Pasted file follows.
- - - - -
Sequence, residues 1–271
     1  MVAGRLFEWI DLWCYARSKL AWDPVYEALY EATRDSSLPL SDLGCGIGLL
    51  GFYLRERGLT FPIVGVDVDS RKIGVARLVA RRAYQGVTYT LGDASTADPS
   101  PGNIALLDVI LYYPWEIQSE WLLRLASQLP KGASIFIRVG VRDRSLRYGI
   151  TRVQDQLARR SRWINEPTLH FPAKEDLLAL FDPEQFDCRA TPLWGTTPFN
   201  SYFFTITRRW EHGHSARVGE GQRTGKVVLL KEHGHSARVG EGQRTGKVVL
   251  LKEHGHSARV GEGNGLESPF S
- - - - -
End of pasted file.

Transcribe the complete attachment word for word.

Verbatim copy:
Sequence, residues 1–271
     1  MVAGRLFEWI DLWCYARSKL AWDPVYEALY EATRDSSLPL SDLGCGIGLL
    51  GFYLRERGLT FPIVGVDVDS RKIGVARLVA RRAYQGVTYT LGDASTADPS
   101  PGNIALLDVI LYYPWEIQSE WLLRLASQLP KGASIFIRVG VRDRSLRYGI
   151  TRVQDQLARR SRWINEPTLH FPAKEDLLAL FDPEQFDCRA TPLWGTTPFN
   201  SYFFTITRRW EHGHSARVGE GQRTGKVVLL KEHGHSARVG EGQRTGKVVL
   251  LKEHGHSARV GEGNGLESPF S